Please Note: This Article is 5 years old. This increases the likelihood that some or all of it's content is now outdated.

Long Leasehold:

The UK has had some form of election or referendum every year since 2014. There was the Scottish independence referendum, followed by the general election in 2015, followed the referendum on the European Union, followed by the snap election this June. What’s more, there’s the strong possibility of yet another election before this year is over.

To say that “Westminster is in chaos” is a clichéd and overused expression, but to say that “Westminster is confused” is about right. When Cameron won his majority back in 2015, nobody would have predicted that Theresa May would be leading a minority government with the DUP to negotiate a Brexit deal just two years later.

While all this confusion is going on, an issue which all parties were once passionate about dealing with has taken a backseat: the leasehold trap. In what has been described as “the PPI scandal of the housing market”, many first-time homeowners have found themselves buying leasehold properties with some nasty surprises hidden in the fine print.

What Is The Leasehold Trap?

To understand what the United Kingdom’s “leasehold trap” is and how so many first-time homeowners have been caught up in it, it’s important to understand how the UK’s leaseholds should work. When people buy detached, semi-detached, or terraced houses, they tend to own the freehold. This means that they own the property, as well as the land the property is on, and so they can do what they want with the building — providing the council approves, of course.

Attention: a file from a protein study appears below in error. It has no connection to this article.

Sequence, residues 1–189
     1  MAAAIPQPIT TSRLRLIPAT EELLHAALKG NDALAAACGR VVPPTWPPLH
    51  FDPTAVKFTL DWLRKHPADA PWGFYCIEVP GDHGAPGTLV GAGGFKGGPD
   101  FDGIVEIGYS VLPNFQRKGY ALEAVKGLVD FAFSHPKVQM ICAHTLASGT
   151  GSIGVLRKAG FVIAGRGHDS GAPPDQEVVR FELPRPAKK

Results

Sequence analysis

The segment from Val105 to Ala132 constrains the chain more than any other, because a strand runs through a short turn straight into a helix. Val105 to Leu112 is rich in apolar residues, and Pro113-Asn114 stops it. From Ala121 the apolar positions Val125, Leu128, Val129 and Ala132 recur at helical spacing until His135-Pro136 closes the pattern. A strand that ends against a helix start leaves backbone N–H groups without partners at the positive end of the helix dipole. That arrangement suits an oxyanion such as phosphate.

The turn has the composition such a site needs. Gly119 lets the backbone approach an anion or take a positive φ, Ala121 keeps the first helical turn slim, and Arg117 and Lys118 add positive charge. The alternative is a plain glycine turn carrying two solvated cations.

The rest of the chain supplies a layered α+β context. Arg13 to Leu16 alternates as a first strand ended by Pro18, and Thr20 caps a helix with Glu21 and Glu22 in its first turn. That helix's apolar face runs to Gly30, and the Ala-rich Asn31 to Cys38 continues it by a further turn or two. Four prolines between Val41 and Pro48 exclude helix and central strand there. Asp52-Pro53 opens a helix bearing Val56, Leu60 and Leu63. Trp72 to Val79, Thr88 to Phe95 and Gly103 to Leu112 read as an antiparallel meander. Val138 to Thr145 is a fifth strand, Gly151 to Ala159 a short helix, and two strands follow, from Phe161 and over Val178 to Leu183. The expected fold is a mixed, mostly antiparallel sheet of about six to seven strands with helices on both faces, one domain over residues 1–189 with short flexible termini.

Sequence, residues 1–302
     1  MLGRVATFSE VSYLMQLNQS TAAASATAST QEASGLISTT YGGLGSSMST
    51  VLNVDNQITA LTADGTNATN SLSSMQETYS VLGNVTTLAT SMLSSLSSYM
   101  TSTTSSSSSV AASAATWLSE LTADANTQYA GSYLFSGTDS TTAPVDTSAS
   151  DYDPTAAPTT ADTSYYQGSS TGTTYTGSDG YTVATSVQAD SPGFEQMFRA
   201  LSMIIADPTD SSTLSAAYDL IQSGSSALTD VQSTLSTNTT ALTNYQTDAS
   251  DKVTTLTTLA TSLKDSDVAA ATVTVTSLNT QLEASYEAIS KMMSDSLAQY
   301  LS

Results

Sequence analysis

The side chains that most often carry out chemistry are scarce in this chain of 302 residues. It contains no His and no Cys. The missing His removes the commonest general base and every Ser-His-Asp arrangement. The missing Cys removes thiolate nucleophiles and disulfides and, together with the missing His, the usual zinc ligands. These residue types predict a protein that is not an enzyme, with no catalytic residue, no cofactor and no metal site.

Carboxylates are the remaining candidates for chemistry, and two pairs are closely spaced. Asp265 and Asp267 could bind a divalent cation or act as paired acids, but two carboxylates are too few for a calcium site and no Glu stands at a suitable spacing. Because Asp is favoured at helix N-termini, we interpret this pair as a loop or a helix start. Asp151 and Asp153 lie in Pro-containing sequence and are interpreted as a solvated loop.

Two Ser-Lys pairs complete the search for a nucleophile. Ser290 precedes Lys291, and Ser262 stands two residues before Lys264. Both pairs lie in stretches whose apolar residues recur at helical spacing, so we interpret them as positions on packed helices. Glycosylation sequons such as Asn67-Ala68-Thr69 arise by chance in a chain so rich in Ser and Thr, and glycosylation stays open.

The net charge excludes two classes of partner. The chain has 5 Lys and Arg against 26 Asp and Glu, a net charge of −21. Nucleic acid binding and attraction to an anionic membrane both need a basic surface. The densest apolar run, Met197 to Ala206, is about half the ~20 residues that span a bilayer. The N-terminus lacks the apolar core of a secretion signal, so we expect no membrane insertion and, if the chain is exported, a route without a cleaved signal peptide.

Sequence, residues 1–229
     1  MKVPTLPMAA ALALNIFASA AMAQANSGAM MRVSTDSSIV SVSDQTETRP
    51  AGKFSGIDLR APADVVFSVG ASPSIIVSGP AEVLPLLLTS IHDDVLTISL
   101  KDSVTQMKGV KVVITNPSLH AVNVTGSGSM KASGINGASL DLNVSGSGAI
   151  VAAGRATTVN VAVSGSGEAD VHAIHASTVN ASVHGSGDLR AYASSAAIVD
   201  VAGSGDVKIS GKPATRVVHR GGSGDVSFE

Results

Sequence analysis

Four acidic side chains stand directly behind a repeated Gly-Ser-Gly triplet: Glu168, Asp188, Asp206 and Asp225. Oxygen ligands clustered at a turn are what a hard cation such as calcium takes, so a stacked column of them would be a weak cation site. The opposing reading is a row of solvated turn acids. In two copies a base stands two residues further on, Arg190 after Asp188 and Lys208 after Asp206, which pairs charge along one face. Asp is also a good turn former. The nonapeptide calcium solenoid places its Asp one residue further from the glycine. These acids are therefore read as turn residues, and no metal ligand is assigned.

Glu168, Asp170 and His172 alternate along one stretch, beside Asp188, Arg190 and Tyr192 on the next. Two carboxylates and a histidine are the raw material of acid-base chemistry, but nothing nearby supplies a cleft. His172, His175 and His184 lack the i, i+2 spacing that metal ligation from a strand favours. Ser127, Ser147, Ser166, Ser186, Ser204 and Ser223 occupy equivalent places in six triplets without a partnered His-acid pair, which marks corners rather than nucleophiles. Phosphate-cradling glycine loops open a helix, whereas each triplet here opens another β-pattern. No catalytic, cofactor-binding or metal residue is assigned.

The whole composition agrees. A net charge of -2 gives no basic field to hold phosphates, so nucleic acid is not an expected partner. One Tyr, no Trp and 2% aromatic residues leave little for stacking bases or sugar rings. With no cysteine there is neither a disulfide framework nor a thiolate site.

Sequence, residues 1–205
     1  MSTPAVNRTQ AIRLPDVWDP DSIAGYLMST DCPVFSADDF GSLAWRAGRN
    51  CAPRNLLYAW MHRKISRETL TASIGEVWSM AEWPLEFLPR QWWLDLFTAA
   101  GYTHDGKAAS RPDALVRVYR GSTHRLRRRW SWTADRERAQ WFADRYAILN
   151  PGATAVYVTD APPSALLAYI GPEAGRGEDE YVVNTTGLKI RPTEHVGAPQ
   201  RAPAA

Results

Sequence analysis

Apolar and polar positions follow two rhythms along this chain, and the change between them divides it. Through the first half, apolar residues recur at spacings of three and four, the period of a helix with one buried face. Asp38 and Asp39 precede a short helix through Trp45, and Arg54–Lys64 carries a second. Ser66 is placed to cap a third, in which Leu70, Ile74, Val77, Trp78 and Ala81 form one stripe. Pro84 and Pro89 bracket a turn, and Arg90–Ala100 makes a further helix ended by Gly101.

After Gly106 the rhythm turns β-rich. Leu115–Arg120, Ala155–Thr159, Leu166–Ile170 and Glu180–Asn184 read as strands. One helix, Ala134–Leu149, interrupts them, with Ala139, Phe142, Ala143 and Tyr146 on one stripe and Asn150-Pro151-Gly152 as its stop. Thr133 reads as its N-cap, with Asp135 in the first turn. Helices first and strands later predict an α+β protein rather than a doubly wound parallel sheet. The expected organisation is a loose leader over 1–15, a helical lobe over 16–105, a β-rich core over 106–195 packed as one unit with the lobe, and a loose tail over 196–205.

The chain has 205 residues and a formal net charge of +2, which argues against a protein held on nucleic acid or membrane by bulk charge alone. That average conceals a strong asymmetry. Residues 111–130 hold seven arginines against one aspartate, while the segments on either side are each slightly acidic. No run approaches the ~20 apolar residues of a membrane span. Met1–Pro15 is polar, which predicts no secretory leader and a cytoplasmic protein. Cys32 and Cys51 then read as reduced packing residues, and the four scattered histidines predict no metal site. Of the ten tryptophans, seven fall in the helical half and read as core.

However, if you buy a flat from a block of flats, you won’t be given the freehold to the flat. This is because your flat is in a shared building with common areas — such as stairs, hallways, receptions, and lifts — that need to be maintained by someone. As a result, flat owners in the United Kingdom are given a leasehold to their property, rather than a freehold. Jersey is slightly different in that shared buildings are owned by flying freehold or through a company’s structure.

Leaseholds don’t last forever, so you can’t pass your flat onto someone else when you die. However, most leaseholds tend to be over 80 years, so it’s not a serious problem. What’s more, most landlords have no issue with extending a lease. Leaseholds also come with ground rents which need to be paid to cover the maintenance of the rest of the building, and these don’t tend to cost much money.

All of this was how things used to work. However, as the UK housing market has become more and more lucrative, as homes have become more and more scarce, some landlords have been using leaseholds to trap first-time buyers into paying for ever-increasing ground rents on properties which are impossible to sell because the leaseholds are often less than 80 years.

Unaware of these risks, first-time buyers purchase these onerous leaseholds and are then essentially trapped in a flat which they can’t sell but where they also can’t afford to pay the increasing ground rent.

But things can get even worse. Some landlords are even selling new-build houses as leaseholds, rather than freeholds. The longheld assumption is that a house is always freehold property. However, the leasehold trap has meant many first-time buyers are  purchasing houses which they had assumed would be freehold but which are leasehold instead.

How Have People Reacted, and What Can Be Done?